“The Queen’s Bed,” by historian Anna Whitelock, focuses in particular on the ladies in waiting who formed her inner circle. They knew her secrets and acted as her bodyguards. Although the book covers much familiar territory, it is filled with fascinating details of life at her court, with eyewitness accounts from diaries, letters and pamphlets.
The Queen’s Bed
By Anna Whitelock
Sarah Crichton, 462 pages, $28
The ‘Armada Portrait’ (1588) of Elizabeth I by George Gower, which depicts the English fleet’s victory over the Spanish. The Granger Collection
Ms. Whitelock begins her story when Elizabeth (1533-1603) was a 13-year-old girl, “serious yet striking, with fair skin, reddish-gold hair, a slender face and piercing coal-black eyes.” She was just 2½ years old when her father, Henry VIII, executed her mother, Anne Boleyn, for high treason. Following his death in 1547, Elizabeth moved in with her stepmother Katherine Parr, Henry’s sixth wife, with whom she was close. But their relationship was soon tested when Katherine married the handsome, flamboyant 40-year-old Thomas Seymour. He would unlock the door of Elizabeth’s bedchamber and “strike her upon the back or the buttocks familiarly” or try to kiss her. When Katherine had had enough of this, Elizabeth was sent away to live with the sister of her long-serving governess, Kat Ashley, and rumors, which were never proved, began to circulate that the girl was pregnant with Seymour’s child.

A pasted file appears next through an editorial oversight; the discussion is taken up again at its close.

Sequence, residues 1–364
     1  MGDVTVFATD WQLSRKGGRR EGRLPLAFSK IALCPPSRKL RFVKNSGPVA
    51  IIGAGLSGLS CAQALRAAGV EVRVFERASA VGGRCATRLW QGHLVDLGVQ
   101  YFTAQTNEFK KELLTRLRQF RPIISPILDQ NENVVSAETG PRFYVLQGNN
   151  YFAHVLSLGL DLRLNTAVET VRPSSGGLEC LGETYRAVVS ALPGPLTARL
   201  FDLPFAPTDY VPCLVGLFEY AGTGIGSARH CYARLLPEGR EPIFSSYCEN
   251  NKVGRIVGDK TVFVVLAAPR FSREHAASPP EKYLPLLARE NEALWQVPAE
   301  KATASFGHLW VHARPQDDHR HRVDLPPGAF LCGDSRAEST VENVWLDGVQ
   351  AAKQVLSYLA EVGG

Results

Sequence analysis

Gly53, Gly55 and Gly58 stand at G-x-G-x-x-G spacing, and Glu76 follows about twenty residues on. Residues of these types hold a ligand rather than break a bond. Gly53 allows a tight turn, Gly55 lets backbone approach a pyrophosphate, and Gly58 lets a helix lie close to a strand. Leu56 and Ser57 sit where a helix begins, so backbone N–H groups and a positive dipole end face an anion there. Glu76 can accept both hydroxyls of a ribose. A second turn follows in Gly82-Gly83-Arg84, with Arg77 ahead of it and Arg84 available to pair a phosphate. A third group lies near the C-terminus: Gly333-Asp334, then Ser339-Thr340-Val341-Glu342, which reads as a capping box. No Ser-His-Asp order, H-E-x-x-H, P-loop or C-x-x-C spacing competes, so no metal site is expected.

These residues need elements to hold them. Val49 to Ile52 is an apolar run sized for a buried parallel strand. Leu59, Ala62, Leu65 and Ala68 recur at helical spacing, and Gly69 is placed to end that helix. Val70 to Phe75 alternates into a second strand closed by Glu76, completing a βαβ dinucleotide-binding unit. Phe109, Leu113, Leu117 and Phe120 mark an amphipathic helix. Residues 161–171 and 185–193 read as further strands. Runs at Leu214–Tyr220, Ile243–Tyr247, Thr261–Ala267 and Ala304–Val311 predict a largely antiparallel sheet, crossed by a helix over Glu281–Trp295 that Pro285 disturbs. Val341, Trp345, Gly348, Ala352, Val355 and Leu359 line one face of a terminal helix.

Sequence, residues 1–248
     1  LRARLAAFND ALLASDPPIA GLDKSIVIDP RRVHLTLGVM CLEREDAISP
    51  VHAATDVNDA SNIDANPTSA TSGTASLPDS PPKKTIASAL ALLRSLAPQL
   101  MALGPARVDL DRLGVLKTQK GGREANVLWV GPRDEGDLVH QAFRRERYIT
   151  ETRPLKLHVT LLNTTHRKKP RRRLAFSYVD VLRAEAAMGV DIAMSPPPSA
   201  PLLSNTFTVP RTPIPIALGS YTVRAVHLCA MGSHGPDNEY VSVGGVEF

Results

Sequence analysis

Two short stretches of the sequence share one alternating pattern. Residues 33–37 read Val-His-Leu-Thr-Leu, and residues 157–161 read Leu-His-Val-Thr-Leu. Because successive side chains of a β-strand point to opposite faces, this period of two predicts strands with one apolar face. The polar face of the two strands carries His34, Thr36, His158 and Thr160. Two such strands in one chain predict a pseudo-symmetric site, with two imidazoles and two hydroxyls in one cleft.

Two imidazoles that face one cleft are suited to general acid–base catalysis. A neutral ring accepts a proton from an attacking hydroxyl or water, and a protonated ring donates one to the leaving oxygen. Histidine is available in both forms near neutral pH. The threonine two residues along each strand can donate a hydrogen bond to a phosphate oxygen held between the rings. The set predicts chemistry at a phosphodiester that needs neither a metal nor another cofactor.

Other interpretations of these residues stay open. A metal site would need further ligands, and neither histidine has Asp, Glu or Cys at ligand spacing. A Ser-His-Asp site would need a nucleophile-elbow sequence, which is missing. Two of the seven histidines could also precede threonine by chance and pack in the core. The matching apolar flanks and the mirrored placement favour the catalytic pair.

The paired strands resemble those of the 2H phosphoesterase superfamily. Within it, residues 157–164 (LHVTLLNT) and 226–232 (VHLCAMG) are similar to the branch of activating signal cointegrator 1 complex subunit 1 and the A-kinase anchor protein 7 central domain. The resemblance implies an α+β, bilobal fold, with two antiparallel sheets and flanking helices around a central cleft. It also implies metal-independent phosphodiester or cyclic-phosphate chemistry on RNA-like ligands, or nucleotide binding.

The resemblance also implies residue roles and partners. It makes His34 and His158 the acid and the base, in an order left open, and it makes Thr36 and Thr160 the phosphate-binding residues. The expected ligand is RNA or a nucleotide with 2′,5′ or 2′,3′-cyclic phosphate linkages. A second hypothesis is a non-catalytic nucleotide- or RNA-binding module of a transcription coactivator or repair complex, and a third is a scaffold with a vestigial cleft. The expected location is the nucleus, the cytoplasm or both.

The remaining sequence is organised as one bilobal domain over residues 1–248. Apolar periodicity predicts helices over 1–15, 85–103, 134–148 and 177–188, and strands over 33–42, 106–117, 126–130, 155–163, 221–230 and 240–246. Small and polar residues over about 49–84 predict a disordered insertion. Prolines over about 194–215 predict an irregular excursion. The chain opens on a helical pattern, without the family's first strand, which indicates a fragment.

Ms. Whitelock sees the experience with Seymour as a valuable lesson for Elizabeth, teaching her “that her sexual reputation was an important political currency and the ladies who attended on her were the key custodians of her honor.”
Elizabeth’s bedchamber, where she was looked after by these ladies, was the heart of the court. Ms. Whitelock describes it as “a dark and airless place; weak candlelight lit up the gold ceiling and rich tapestries of glistening threads which hung on the walls.” The bed was adorned with sumptuous quilts, and at night the queen was always joined by a trusted sleeping companion. She was an insomniac and scared of the dark, as well she might have been. Her accession to the throne as a Protestant in 1558 set off an era of paranoia and fear punctuated by Catholic plots against her person, some as bizarre as poisoning the pommel of her velvet saddle or burying a waxen effigy of her “pierced with hog’s bristles” in a dung heap, where it would melt and slowly kill her. As long as Elizabeth had no husband or successor, she was in danger.
The women who attended Elizabeth came mostly from aristocratic families, but their lives at court were hard. Those who bore children were made to deliver them to a wet nurse and return at once to the queen. If they married without her permission there was hell to pay: banishment or even the Tower (one had her finger broken by the enraged queen’s hairbrush). After Mary Sidney nursed the queen through smallpox, she caught it herself and ended up hideously scarred, becoming, according to her husband, Sir Henry, “as foul a lady as the small pox could make her.”